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Coronavirus drills oil industry

The COVID-19 pandemic has pushed the world in yet another unexpected direction. The price of a barrel of oil went negative (below -$35 per barrel) for the first time ever. Oil prices are often used as a rough gauge of total economic output since energy drives the global economy. But even the worst recessions didn’t create a crash this severe. A negative price should indicate that demand is historically low, however, there is a less obvious explanation.

The negative price in April was the result of several factors colliding at the worst possible moment. First, Saudi Arabia and Russia both increased oil production while feuding over planned cuts for OPEC and its allies. That led to overproduction just as the coronavirus pandemic was escalating. Second, production continued to be high even as countries started severely restricting travel. This combination led to a shortage in storage space for oil. Finally, as May contracts came due for West Texas Intermediate (WTI) crude, futures traders realized they had nowhere to store their oil. As a result, the price of the U.S. benchmark plummeted as they tried to sell — and eventually dump —their contracts.

It is important to note that this was a single benchmark price for just one month’s contract on the second-to-last day of trading. Also, due to the nature of commodity trading, the negative price is likely related to hedging and represents a small volume. Oil analysts said those negative May prices were not representative of the true value of a barrel of oil. Instead, they said to look at the June prices, which were then trading between $21 and $22 per barrel. A couple of days later, the price had fallen to $14 per barrel. Brent crude, the world’s other benchmark oil price, also saw a modest decline after Monday but was still trading near $20 per barrel (Figure 1).

Figure 1. Oil prices have been declining since January.

Oil prices have been declining since January

Source: www.marcotrends.net

Although the negative prices were a fluke and there have been some production cuts, oil producers are still in a grim spot. The coronavirus lockdowns have strangled demand for many crude oil-based products, and supply has not fallen nearly enough to relieve the surplus. Global demand for oil last year was roughly 100 million barrels per day. Some analysts expect that demand is now just 70 million barrels. The agreement between Saudi Arabia and most of the world’s other major oil producers was to reduce supply by only 10%, which still leaves a massive glut for a long time.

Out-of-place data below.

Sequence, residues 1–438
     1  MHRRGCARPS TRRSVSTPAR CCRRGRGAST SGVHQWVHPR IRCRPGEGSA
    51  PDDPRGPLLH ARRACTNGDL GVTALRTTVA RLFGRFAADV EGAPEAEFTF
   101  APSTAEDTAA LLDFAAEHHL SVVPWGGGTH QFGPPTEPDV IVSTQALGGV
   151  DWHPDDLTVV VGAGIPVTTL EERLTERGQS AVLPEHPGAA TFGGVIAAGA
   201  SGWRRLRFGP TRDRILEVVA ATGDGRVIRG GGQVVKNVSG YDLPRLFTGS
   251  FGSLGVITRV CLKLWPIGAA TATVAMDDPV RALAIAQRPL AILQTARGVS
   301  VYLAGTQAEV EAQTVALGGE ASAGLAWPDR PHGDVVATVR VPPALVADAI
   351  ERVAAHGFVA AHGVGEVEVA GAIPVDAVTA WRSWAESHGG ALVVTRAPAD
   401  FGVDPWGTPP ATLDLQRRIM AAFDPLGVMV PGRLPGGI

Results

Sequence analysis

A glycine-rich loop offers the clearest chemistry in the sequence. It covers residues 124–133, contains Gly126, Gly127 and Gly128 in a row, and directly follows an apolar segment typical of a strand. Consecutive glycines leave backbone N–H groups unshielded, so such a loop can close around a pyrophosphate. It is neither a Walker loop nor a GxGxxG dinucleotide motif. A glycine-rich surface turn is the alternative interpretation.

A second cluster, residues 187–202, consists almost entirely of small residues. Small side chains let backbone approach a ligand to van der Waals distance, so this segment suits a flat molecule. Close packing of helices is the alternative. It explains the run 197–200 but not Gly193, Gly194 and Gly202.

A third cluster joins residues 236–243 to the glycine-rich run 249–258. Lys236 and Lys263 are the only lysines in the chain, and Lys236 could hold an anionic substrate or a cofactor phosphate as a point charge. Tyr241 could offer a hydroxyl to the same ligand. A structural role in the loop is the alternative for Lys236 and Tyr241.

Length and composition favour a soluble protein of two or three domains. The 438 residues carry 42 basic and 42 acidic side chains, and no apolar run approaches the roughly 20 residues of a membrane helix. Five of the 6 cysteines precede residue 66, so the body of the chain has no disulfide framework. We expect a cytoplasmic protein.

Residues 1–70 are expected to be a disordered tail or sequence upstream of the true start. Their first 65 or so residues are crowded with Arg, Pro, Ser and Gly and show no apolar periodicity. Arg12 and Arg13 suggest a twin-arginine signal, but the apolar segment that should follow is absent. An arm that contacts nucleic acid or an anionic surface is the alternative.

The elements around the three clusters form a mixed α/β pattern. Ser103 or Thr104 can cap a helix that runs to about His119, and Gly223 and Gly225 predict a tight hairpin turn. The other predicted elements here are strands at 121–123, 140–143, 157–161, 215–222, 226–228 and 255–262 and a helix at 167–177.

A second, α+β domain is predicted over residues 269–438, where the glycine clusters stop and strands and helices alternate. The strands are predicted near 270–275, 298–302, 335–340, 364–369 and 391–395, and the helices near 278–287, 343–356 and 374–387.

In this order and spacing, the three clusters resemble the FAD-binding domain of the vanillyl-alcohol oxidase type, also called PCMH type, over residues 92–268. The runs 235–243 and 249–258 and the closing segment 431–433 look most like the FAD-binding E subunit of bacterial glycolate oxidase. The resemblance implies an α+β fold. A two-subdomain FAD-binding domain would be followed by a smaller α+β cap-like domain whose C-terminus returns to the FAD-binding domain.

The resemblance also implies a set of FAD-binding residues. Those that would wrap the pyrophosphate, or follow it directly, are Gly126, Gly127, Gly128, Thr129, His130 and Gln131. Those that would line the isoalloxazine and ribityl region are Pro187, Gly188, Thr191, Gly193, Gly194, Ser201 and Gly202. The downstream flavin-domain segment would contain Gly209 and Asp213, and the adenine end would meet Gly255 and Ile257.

Low oil prices have global consequences. Most directly, there are job losses at companies that extract and refine the oil. Also, governments that rely on oil revenue often produce more to keep the same level of funding. In turn, this drives down oil prices and creates a vicious cycle. Eventually, these governments find it difficult to provide their citizens with basic needs, and that economic suffering ripples outward to the rest of the world.

We know all of this from previous economic crashes. And in a normal recession, economists could look at oil prices now and make educated guesses about a recovery.

What can oil prices today tell us? In the short term, not much. The low price reflects a lack of demand. But this current shock is unlike those in other recessions because it is self-imposed and ultimately linked to infection and mortality rates. In the long run, the best that we can say is that oil traders seem to think that a modest recovery of oil consumption is likely two years away, or more (Figure 2). This coincides with a medical study that found social distancing may need to be in effect until 2022. That trader sentiment could change as we learn more about the coronavirus and its impact on society.

Figure 2. Oil prices are not expected to rise above breakeven prices for at least 3 years.

 Oil prices are not expected to rise above breakeven prices for at least 3 years.

Source: CME Group

It is not all bad news in the oil and gas industry. In some places, such as in India, the demand for liquefied petroleum gas (propane or butane) has increased by almost 20% from this same period last year. The increase is due to so many people using these gases for cooking at home during the lockdowns. Also, the supply of liquid petroleum gas and natural gas is expected to decrease when producers finally cut back on crude oil drilling, according to Tom Hunt, senior consultant at oil and gas consulting firm capSpire.

Demand for these crude oil byproducts has been relatively unchanged by the decrease in travel worldwide. In two years, the price of natural gas may reach $4, and liquid petroleum gas prices may also double due to falling supply. And in that time transportation may recover. In the meantime, oil traders will continue making bets short term and long term on the true value of a barrel. Unfortunately, this involves making guesses far outside their realms of expertise, like when governments will reopen or when and where future lockdowns will happen.